Monty Got a Raw Deal

The American band R.E.M. has been a steady favourite of mine since a friend introduced me to their music in the early 1980s. Their sound was unique, bold and adventurous, always set upon a solid alternative rock foundation; their music also journeyed into other post-punk sub-genres, including folk rock, college rock, jangle pop and baroque pop.

Formed in 1980, the band put out an impressive body of work from 1981 until they disbanded amiably in 2011: “fifteen studio albums, four live albums, fourteen compilation albums, one remix album, one soundtrack album, twelve video albums, seven extended plays, sixty-three singles, and seventy-seven music videos,” a Wikipedia article devoted to the band’s discography says.

In addition to their rich, well-developed sound palette, which often includes instruments like mandolin and accordion, lead singer Michael Stipe has a distinctly robust and expressive voice that I like a lot.

“Monty Got a Raw Deal” strikes me as a mysterious song, so I set out to learn its meaning. The sites I consulted were almost unanimous in their statements and comments from readers claiming the song is about the American actor Montgomery Clift (1920-1966). His film career is unfamiliar to me, so I’ll go with the expert/consensus view.

“Monty this seems strange to me.
The movies had that movie thing,
But nonsense has a welcome ring
And heroes don’t come easily.
Now, nonsense isn’t new to me.
I know my head, I know my feet,
But mischief knocked me in the knees.
Said, Just let go. Just let go.

I saw the ocean meet the man.
I saw you buried in the sand.
A friend was there to hold your hand,
Said, Walk on by.
So, I went walking through the street.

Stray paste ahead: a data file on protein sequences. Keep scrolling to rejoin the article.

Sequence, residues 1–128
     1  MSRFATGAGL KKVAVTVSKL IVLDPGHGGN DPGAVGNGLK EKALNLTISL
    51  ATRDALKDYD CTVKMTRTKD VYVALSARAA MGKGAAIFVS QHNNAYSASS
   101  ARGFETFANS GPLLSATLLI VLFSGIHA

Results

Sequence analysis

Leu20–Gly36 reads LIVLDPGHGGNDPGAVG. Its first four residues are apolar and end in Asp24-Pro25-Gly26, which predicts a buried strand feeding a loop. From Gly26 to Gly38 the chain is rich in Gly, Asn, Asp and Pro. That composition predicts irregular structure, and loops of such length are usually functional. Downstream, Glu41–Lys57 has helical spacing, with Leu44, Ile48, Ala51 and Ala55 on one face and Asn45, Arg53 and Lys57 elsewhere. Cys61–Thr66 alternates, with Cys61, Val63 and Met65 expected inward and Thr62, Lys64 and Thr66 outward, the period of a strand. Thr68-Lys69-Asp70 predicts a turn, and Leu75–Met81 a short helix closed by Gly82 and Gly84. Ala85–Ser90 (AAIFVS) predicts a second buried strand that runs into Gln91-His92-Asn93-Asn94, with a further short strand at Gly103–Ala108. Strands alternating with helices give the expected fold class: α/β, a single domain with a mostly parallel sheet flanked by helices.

I saw you strung up in a tree.
A woman knelt there said to me,
Said, Hold your tongue, man. Hold your tongue.

You don’t owe me anything.
You don’t want this sympathy. (waste your breath)
Don’t you waste your breath. (waste your breath)
For the silver screen.

That nonsense doesn’t mean a thing,
They tried to bust you in a sting,
But virtue isn’t everything
So, don’t waste time.
Now, here’s a rhyme that you can steal.
Put this on your reel to reel.
Mischief threw a rotten deal.
Monty’s laying low.
He is laying low.
Just let go, just let go.

You don’t owe me anything.
You don’t want this sympathy. (waste your breath)
Don’t you waste your breath. (waste your breath)
Monty this seems strange to me.”

“Monty Got a Raw Deal,” by Peter Buck, Mike Mills, Michael Stipe and Bill Berry.
Lyrics retrieved from

The drums come in with an urgency that punctuates the beginning of the verses, perhaps symbolizing the angst the young actor would have felt after a 1956 car crash that left him badly injured, including facial damage that plastic surgery of the day couldn’t completely restore; this must have been devastating for a person known (and employed at least in part) for his dashing looks.

“Monty Got a Raw Deal” is the first track on the B-side (or, as released, the “ride” side, with side A being the “drive” side) of R.E.M.’s eighth studio album, Automatic for the People (1992). I previously posted a longer piece about “Drive,” which is the opening song from (you guessed it) the “drive” side of the album.

Now you know a little about why this is my Song of the Day for Today. Thanks for joining me here. Please enjoy the official audio from the remhq YouTube channel:

With warm regards,


8 thoughts on “Monty Got a Raw Deal

    1. My pleasure, Rosaliene. 🙂 A friend introduced my sweety and me to Joy’s poetry a few years ago and we find her deeply inspiring. I really appreciated your post on her.

      Liked by 1 person

  1. I love R.E.M and this song. I actually first heard of this song because it’s about Montgomery Clift. I read an article about it and that’s what made me get interested in the song.

    Liked by 1 person

      1. True, it’s also interesting how that often makes us decide whether we love or hate the song. Like if someone I hated recommended a song I probably wouldn’t like it even if it’s an okay song.

        Liked by 1 person

        1. That’s an interesting observation. I wonder if that’s because the person’s recommendation attaches their “baggage” in a way that is difficult to separate from the song itself.

          Liked by 1 person

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